The week before Christmas, 51 employees at a St. Johnsville foam company got notice that they could soon lose their jobs.
Opflex Environmental Technologies faces eviction from its longtime home at 12 New St., a factory in the Montgomery County village, according to a notice filed last week with the state Department of Labor. The state Worker Adjustment and Retraining Notification Act required the business give early warning to its employees, who face potential layoffs March 20.
The company makes foam products used in running shoes, ski boots, football helmets and packaging, but also in environmental catastrophes, like the 2010 BP Deepwater Horizon oil spill in the Gulf of Mexico. The foam absorbs contamination and oil in water, but repels the water itself.
“We think it’s inevitable we’ll be evicted,” said Mitch Stoltz, managing partner of NWS Holdings, a holding company for Indiana-based National Wine & Spirits, which also owns Opflex. “Because New York has a 90-day WARN requirement, we wanted to give employees as much notice as possible. We know it’s a bad time of year to hear it, but we also believe it’s inevitable.”
According to the property’s landlord, Jim Stallman, the property is in the midst of foreclosure.
“The foreclosure and ensuing eviction stems from the fact that Opflex Technologies has been operating out of the 12 New St. property for almost three years without paying any rent or real estate taxes,” he said in an email.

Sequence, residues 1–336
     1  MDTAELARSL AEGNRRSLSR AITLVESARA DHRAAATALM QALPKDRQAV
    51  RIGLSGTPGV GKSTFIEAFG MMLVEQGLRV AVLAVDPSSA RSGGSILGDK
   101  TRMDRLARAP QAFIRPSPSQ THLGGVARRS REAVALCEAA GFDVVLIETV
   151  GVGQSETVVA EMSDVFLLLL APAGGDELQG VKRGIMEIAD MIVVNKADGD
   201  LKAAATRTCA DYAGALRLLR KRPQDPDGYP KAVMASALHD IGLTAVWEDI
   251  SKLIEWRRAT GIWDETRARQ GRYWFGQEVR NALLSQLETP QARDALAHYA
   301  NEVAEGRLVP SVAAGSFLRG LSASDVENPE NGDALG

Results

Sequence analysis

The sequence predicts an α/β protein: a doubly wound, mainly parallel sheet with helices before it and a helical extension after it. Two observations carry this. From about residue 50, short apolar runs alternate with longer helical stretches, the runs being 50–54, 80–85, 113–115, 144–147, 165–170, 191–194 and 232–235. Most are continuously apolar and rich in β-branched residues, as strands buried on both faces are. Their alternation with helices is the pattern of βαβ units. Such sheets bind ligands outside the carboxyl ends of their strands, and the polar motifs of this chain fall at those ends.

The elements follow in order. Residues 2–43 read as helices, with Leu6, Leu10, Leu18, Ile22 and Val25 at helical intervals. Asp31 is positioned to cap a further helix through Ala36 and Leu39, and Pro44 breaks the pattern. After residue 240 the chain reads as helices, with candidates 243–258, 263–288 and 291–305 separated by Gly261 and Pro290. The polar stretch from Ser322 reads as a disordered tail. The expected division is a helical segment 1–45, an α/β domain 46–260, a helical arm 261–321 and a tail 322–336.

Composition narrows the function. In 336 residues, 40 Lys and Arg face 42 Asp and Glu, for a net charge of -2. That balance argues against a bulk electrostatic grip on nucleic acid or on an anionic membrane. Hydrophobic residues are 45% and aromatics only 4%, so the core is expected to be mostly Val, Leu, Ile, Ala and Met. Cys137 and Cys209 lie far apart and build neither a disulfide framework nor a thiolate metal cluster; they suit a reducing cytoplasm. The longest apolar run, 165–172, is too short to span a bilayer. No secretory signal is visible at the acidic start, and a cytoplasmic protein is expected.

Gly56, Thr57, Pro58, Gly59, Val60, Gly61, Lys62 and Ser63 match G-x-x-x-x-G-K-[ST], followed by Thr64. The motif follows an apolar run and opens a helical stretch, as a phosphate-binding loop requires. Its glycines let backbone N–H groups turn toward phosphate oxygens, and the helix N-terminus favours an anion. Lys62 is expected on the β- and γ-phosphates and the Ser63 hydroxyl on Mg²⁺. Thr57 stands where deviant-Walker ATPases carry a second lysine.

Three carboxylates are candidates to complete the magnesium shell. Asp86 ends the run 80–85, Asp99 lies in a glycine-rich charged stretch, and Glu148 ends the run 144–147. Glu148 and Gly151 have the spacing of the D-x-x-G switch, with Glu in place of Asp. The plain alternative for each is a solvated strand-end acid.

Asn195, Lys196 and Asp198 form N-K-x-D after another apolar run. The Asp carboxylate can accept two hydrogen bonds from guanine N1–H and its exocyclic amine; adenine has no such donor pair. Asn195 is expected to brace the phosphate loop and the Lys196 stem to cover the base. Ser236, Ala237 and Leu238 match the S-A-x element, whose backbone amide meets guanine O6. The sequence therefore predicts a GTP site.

Stoltz said Stallman asked for $50,000 a month in rent on a building that was assessed at just over $30,000 this year. He said when he first took over the company, he had a deal with the former landlord to pay just $1 a year in rent, so long as he paid property taxes and utility costs.
If the eviction goes through, Stoltz said he is thinking of relocating the company to Indiana. He would offer the employees jobs there, but admitted he didn’t think too many would be willing to relocate.
“We don’t think very many are going to find that doable because they’re lifelong St. Johnsville people,” he said.
Scott Smith, creator of Opflex foam technology and former head of the company when it was still called Cellect Plastics, said he will do everything he can to keep the jobs in St. Johnsville.
Although he sold the company some years ago, Smith still owns the foam technology (he licenses it to Opflex) and said he remains “very sensitive about the jobs” he helped create. He was honored by the U.S. Small Business Administration in 2008 for helping keep the company afloat — with the help of county, state and federal funds, but also some of his own — after a 2006 flood caused about $10 million worth of damage to the St. Johnsville plant.
“They are great, hardworking people who don’t deserve a notice over the holidays that their jobs are in jeopardy,” Smith said. “I’m hoping to appeal to logic and the benefits of preserving these jobs in upstate New York. But you cannot occupy a building for free. Those are the simple facts.”